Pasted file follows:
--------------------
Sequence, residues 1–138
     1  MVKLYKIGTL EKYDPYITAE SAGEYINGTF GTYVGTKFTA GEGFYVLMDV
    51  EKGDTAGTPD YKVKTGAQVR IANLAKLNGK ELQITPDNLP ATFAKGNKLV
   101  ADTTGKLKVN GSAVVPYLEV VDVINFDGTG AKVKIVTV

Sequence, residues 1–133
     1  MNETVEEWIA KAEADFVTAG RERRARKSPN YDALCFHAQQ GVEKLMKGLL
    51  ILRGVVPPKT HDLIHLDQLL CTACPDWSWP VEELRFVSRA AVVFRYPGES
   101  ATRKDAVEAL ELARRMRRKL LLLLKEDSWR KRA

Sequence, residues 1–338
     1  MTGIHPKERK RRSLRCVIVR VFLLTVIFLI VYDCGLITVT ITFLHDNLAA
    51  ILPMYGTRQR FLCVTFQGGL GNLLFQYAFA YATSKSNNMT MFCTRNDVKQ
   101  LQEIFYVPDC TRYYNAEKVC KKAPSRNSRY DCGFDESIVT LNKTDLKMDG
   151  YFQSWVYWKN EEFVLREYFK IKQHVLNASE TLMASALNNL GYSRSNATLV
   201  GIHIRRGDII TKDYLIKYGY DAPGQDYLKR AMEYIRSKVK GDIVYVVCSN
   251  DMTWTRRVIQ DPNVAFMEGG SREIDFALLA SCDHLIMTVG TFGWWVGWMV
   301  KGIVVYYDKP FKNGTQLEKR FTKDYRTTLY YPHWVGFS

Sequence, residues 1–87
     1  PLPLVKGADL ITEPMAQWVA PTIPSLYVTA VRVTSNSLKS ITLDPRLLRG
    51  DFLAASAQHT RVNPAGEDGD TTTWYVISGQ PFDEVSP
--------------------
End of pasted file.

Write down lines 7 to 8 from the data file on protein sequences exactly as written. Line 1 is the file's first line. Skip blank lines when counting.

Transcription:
    51  ILRGVVPPKT HDLIHLDQLL CTACPDWSWP VEELRFVSRA AVVFRYPGES
   101  ATRKDAVEAL ELARRMRRKL LLLLKEDSWR KRA